quantities 0.5.1

A library to work with quantities and units

To use this package, put the following dependency into your project's dependencies section:


About quantities

Build Status

The purpose of this small library is to perform automatic compile-time or runtime dimensional checking when dealing with quantities and units.

There is no actual distinction between units and quantities, so there are no distinct quantity and unit types. All operations are actually done on quantities. For example, meter is both the unit meter and the quantity 1m. New quantities can be derived from other ones using operators or dedicated functions.

Quantities can be parsed from strings at runtime and compile-time.

The main SI units and prefixes are predefined. Units with other dimensions can be defined by the user.

Copyright 2013-2015, Nicolas Sicard.

License: Boost License 1.0.

Design rationale (work in progress)

  1. The library defines a Quantity type (a template) that represents a physical quantity, or any user-defined type of quantity. A quantity can be seen as the product of a scalar value and a vector of dimensions.

  2. A Quantity is a wrapper struct around a numeric value, where the only payload is this numeric value; no other data is stored. So the memory size of a quantity is the same as its underlying numeric type. With optimizations on, the compiler generates the same code as if normal numeric values were used.

For the moment, only built-in numeric types are handled. But it should be possible to make it work with any "number-like" type.

  1. Two quantities with the same dimensions share the same type (assuming the underlying numeric types are the same). Thus functions and types using quantities generally won't have to be templated if the dimensions of the quantities are known at compile time.

Impact on the design

The main consequence of principle #3 is that all quantities sharing the same dimensions are internally expressed in the same unit, which is the base unit for this quantity. For instance, all lengths are stored as meters, which is the base unit of length. The quantity 3km is stored as 3000m, 2min is stored as 120s, etc. The drawback (possibly an important one) is that, when assigning a new value to a quantity, the binary representation is preserved only if the quantity is expressed in the base unit.

An indirect consequence is that there is no unit symbol associated with a quantity. The only relevant symbol would have been the one of the base unit, but it's rarely the best choice. But in practice, when formatting a quantity, the unit is usually chosen in advance. If not, no simple algorithm is capable of guessing the relevant unit. So I have decided that a quantity wouldn't format itself correctly. Instead, for now, the toString function prints the value and the dimensions vector. To print the units properly, the user can use the provided format helpers, or use the result of the value method.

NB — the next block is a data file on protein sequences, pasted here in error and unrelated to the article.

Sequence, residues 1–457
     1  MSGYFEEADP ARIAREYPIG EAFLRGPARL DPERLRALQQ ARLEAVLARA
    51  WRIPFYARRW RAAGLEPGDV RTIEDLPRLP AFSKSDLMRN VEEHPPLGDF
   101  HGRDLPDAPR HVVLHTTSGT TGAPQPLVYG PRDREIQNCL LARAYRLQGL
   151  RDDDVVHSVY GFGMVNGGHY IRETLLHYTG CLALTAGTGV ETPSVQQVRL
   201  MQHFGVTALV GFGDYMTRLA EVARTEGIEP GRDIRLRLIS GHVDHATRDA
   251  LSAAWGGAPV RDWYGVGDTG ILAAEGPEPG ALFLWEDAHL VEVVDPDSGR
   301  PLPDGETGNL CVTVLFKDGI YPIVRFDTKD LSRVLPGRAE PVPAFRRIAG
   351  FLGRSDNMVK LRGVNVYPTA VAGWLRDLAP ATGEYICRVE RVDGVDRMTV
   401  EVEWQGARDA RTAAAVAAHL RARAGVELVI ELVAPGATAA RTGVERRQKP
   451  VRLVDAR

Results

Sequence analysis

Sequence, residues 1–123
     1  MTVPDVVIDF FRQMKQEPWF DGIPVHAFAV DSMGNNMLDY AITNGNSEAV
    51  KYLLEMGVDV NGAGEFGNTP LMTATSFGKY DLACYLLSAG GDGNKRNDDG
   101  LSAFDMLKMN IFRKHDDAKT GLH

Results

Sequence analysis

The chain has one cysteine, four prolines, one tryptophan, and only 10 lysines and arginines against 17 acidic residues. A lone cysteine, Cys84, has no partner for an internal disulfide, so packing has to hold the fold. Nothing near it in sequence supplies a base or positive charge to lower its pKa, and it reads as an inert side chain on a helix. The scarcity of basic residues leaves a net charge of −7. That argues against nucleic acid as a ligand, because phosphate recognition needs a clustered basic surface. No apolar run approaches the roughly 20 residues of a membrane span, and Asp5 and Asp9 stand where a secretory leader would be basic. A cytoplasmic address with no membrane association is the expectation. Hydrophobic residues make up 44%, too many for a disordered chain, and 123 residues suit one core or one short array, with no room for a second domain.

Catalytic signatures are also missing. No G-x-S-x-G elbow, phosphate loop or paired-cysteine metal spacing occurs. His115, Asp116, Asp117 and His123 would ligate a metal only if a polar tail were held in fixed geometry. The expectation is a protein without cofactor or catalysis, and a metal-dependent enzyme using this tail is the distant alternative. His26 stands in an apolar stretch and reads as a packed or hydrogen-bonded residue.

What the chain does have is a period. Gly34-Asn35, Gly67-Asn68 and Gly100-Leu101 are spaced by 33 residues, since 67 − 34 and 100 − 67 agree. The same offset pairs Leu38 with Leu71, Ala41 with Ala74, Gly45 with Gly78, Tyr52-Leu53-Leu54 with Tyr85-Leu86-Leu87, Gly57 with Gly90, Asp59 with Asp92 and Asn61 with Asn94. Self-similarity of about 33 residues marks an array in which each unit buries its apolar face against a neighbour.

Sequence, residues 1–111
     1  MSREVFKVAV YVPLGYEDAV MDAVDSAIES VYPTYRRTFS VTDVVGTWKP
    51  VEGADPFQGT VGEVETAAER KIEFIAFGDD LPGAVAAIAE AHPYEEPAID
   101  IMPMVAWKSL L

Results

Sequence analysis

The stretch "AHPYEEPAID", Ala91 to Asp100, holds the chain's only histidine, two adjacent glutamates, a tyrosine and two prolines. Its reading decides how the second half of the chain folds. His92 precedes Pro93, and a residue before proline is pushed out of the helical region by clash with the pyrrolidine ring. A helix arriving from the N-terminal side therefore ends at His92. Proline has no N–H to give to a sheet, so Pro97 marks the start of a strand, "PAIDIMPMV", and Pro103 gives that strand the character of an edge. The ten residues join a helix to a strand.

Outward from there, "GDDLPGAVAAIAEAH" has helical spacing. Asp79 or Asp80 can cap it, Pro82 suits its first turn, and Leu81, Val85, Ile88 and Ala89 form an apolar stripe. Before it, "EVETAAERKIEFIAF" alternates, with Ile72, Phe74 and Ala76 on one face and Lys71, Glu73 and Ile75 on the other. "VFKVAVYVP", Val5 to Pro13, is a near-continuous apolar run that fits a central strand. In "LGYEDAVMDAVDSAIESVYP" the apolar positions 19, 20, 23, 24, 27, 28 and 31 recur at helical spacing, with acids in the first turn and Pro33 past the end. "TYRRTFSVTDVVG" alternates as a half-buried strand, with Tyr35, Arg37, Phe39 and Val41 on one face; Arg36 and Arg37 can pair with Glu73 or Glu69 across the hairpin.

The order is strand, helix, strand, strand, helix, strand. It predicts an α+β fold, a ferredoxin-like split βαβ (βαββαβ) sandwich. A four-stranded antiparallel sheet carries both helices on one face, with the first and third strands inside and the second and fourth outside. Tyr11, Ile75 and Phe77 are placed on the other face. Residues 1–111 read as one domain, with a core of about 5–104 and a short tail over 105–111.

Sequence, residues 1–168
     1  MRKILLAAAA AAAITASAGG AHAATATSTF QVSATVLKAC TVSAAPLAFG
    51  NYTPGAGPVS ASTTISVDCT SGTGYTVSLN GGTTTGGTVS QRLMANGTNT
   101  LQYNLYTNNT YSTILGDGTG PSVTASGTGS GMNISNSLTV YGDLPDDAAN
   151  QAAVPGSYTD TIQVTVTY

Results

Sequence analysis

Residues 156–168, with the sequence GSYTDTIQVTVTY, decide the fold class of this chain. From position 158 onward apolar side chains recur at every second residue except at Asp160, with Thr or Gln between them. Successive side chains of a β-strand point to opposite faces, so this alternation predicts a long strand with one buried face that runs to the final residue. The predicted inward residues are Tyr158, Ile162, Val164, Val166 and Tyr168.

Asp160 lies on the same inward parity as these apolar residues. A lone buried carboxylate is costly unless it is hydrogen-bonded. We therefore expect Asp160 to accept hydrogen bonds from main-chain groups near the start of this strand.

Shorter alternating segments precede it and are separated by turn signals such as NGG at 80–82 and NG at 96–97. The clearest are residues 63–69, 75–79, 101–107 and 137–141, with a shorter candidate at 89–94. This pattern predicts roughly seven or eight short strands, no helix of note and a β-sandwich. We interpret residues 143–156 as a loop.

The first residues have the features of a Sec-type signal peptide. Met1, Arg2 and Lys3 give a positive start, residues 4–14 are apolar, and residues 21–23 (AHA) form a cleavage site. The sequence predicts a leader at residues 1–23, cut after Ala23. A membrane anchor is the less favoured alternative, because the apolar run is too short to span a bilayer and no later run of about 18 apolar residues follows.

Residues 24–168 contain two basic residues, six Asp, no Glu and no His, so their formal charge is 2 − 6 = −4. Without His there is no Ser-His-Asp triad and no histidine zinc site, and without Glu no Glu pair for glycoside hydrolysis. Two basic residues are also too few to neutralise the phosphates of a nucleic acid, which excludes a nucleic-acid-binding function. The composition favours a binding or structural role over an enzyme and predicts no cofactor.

Working with predefined units

The package defines all the main SI units and prefixes, as well as aliases for their types.

import quantities;
import std.math : approxEqual;
import std.stdio : writeln, writefln;

void main()
    auto distance = 384_400 * kilo(meter);
    auto speed = 299_792_458  * meter/second;
    Time time;
    time = distance / speed;
    writefln("Travel time of light from the moon: %s s", time.value(second));
Dimensional correctness is checked at compile-time
Mass mass;
static assert(!__traits(compiles, mass = 15 * meter));
static assert(!__traits(compiles, mass = 1.2));
Calculations can be done at compile-time
enum distance = 384_400 * kilo(meter);
enum speed = 299_792_458  * meter/second;
enum time = distance / speed;
writefln("Travel time of light from the moon: %s s", time.value(second));
Create a new unit from the predefined ones
enum inch = 2.54 * centi(meter);
enum mile = 1609 * meter;
writefln("There are %s inches in a mile", mile.value(inch));
Create a new unit with new dimensions
// Create a new base unit of currency
enum euro = unit!(double, "C"); // C is the chosen dimension symol (for currency...)

auto dollar = euro / 1.35;
auto price = 2000 * dollar;
writefln("This computer costs €%.2f", price.value(euro));

At compile time:

enum distance = si!"384_400 km";
enum speed = si!"299_792_458 m/s";
enum time = distance / speed;
writefln("Travel time of light from the moon: %s s", time.value(second));

static assert(is(typeof(distance) == Length));
static assert(is(typeof(speed) == Speed));

At runtime:

auto data = [
    "distance-to-the-moon": "384_400 km",
    "speed-of-light": "299_792_458 m/s"
auto distance = si!Length(data["distance-to-the-moon"]);
auto speed = si!Speed(data["speed-of-light"]);
auto time = distance / speed;
writefln("Travel time of light from the moon: %s s", time.value(second));
Example: chemistry session
// Use the predefined quantity types (in module quantities.si)
Volume volume;
Concentration concentration;
Mass mass;

// Define a new quantity type
alias MolarMass = typeof(kilogram/mole);

// I have to make a new solution at the concentration of 25 mmol/L
concentration = 25 * milli(mole)/liter;

// The final volume is 100 ml.
volume = 100 * milli(liter);

// The molar mass of my compound is 118.9 g/mol
MolarMass mm = 118.9 * gram/mole;

// What mass should I weigh?
mass = concentration * volume * mm;
writefln("Weigh %s of substance", mass); 
// prints: Weigh 0.00029725 [M] of substance
// Wait! That's not really useful!
// My scales graduations are in 1/10 milligrams!
writefln("Weigh %.1f mg of substance", mass.value(milli(gram)));
// prints: Weigh 297.3 mg of substance

Authors: Nicolas Sicard

Dependencies: none

0.5.1 2016-Dec-10
0.5.0 2016-Dec-06
0.4.5 2015-Jul-12
0.4.4 2015-Apr-07
0.4.3 2015-Apr-05
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